• All MEMS inertial sensors such as gyroscopes and accelerometers operate on the principle of proof mass suspended by flexures anchored to the substrate. The flexures serve as the flexible suspension between the proof mass and the substrate, making the mass free to move in response to external forces or acceleration. The movement can be measured with a built-in variable capacitor or piezoelectric sense elements. In the case of MEMS gyroscopes, the proof mass is driven into vibratory motion in the x-direction by an external sinusoidal force with the drive. If the gyroscope is subjected to an angular rotation in the z-direction, the Coriolis force is induced in the y-direction. The resulting oscillation amplitude in the sense direction is proportional to the Coriolis force, and thus to the angular velocity to be measured. These MEMS gyroscopes are very small in size to satisfy yield and cost considerations, thus signal response is very weak, due in part to the smallness of the proof mass and sense capacitors, making it difficult to achieve the high accuracy needed for gyroscopes used in navigation applications. Thus, it is highly desirable to increase both the area and thickness of the suspended layer in these devices to increase the signal strength; likewise for MEMS accelerometers. Both the proof mass and sense capacitors must be large enough to archive desired accuracy. In addition, there is a need to have integrated electronics on the same chip to eliminate long metal leads that are used to connect the MEMS with off-chip electronics and can pick up excess noise. Furthermore, there is a need to use thermally matched substrates as a base for the suspended structure to anchor to for improved stability during operation, as thermal stress may change the drive and sense resonant frequencies and induce errors.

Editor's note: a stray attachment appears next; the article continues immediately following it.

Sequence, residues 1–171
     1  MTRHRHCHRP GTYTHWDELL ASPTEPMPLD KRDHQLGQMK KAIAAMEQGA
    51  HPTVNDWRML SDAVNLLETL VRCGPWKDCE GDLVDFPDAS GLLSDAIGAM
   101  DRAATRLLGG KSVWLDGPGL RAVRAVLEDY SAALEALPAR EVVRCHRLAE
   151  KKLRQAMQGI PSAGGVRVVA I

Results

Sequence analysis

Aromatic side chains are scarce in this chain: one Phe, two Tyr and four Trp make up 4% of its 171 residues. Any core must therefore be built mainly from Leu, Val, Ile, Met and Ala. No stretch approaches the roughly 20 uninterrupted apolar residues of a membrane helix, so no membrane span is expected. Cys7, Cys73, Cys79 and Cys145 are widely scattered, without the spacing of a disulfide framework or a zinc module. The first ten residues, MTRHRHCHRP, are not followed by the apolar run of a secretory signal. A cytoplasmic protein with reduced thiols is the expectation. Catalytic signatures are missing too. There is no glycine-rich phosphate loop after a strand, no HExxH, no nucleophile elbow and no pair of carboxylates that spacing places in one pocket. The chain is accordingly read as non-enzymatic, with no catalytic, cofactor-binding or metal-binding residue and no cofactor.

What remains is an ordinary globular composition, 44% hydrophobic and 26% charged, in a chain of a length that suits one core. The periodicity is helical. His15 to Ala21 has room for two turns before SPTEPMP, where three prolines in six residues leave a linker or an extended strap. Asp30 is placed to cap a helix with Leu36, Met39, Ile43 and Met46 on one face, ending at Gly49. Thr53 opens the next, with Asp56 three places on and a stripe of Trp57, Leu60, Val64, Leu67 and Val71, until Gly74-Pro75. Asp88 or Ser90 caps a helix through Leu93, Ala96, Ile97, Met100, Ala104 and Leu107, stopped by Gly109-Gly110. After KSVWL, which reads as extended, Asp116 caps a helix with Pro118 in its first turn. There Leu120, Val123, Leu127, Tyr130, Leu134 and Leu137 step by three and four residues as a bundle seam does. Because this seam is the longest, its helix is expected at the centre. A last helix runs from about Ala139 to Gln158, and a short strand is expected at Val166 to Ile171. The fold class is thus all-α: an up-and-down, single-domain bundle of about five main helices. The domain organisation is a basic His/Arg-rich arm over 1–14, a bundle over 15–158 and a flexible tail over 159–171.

• Unfortunately, surface micromachining techniques base on LPCVD polysilicon layers have very limited layer thickness (˜5 μm) and suffer from residue stress from the deposition process. The bulk micromachining process uses mono-crystalline silicon to form the suspended structures, such as the proof mass, and does not suffer from residue stress and thickness limitations. But the substrate that the suspended structure is bonded to is normally made of glass. Therefore, there is a significant amount of mismatch in thermal expansion coefficients between the two that cause errors from fluctuations in operating temperature. Furthermore, readout and control electronics cannot be integrated on the same chip. This substantially increases complexity of the gyroscope subsystem and thus cost, size, and power consumption. Thickness of the silicon layer is larger but still limited, to ˜10 μm, in a tuning-fork MEMS gyroscope fabricated using this technique.
  • Hence, there is a strong need in the industry to overcome the aforementioned shortcomings of the present art.
  • SUMMARY OF THE INVENTION